Clarifying the risks to understand the rewards
In a nutshell
To many people for whom Alternative Finance is not necessarily their area of expertise, investing in property may seem like a complex, expensive and risky activity.
Despite the fact that Property Crowdfunding platforms are becoming more and more accessible to an ever-growing number of investor demographics, it would not be prudent to start up an investment portfolio without having first analysed the risks involved.
How did Property Crowdfunding become so popular?
To understand this question, we have to look back to the turn of the century, when small and medium sized businesses supplied the UK with about 40% of all new homes. By 2013, as a direct reaction to the financial crisis, that figure had dropped substantially to 25%. Often lacking enough capital, the challenge for these smaller property developers, having secured the plot to develop, was how to finance it.
The best solution was often to enter into a joint venture with High Net Worth individuals who, in return for providing the equity, took 50%-60% of the profits. With banks increasingly reluctant to support smaller property developers too, the market became a top-heavy system exclusively for the wealthy.
Over the last decade however, thanks to P2P lending and Property Crowdfunding platforms, more and more people, some of whom have a limited knowledge of both property and finance, are getting involved.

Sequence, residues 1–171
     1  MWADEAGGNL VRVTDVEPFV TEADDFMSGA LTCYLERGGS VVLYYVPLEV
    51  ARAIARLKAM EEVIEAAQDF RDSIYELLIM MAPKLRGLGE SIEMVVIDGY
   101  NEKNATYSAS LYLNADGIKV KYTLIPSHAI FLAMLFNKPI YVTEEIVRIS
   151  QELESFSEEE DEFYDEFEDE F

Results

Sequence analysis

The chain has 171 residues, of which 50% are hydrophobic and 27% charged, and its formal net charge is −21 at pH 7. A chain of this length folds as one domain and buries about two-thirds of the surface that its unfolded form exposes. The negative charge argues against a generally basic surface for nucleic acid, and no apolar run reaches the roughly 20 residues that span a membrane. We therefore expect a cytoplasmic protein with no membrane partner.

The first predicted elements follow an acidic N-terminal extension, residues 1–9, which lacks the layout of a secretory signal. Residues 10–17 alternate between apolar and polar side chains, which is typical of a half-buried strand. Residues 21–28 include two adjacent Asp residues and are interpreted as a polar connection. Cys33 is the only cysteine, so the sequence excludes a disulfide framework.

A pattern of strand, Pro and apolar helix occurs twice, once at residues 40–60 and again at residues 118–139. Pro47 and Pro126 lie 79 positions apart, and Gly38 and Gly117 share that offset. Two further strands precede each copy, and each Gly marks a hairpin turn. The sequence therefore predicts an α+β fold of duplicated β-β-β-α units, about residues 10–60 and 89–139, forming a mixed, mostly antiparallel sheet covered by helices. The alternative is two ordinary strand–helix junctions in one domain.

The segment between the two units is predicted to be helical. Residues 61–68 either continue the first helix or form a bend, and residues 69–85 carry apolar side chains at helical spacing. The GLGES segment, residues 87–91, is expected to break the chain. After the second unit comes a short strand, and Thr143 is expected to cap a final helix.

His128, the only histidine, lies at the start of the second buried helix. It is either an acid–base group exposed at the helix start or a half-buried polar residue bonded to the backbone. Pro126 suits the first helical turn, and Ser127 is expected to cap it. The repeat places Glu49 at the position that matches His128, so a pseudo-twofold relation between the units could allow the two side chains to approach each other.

However, although the thought of potential lucrative returns can seem immediately appealing, there are important factors to consider before investing on these platforms, as the risks can be significant.
It is not difficult to see why investing in property development projects using Property Crowdfunding platforms is increasing in popularity every year. Investors benefit from the low value minimum investment amounts, sometimes as little as £100, coupled with the attractive possibility of substantial returns. If an entrepreneur, a seasoned investor, or even a relatively inexperienced individual with some capital can invest such small amounts into a range of property development projects, they mitigate much of the risk through diversification.
How quick can potential returns be?
There is also the appealing timescale of fairly short investment periods. It is common to see investment terms of between 12 and 24 months, and with returns typically between 10% p.a. and 25% p.a, often with a minimum preferred return that is paid before the developer takes any profits, the less experienced of us could be forgiven for not analysing the risks sufficiently.
In addition to this, within the crowdfunding model, investors enjoy the transparency of making their own assessments of the developer and the location before deciding to invest, as the platforms on which they operate generally offer clear and concise information of all the details.
Analysing the risks involved...
However, before logging onto a platform and risking your hard-earned cash, investors should be encouraged to carry out a detailed risk assessment for their own financial security.
Firstly, and perhaps most importantly, although most platforms have some sort of compliance oversight, investments are not covered by the Financial Services Compensation Scheme (FSCS).
This means that the investor’s capital is not covered if property values drop significantly or development projects go wrong, and therefore they could potentially lose everything.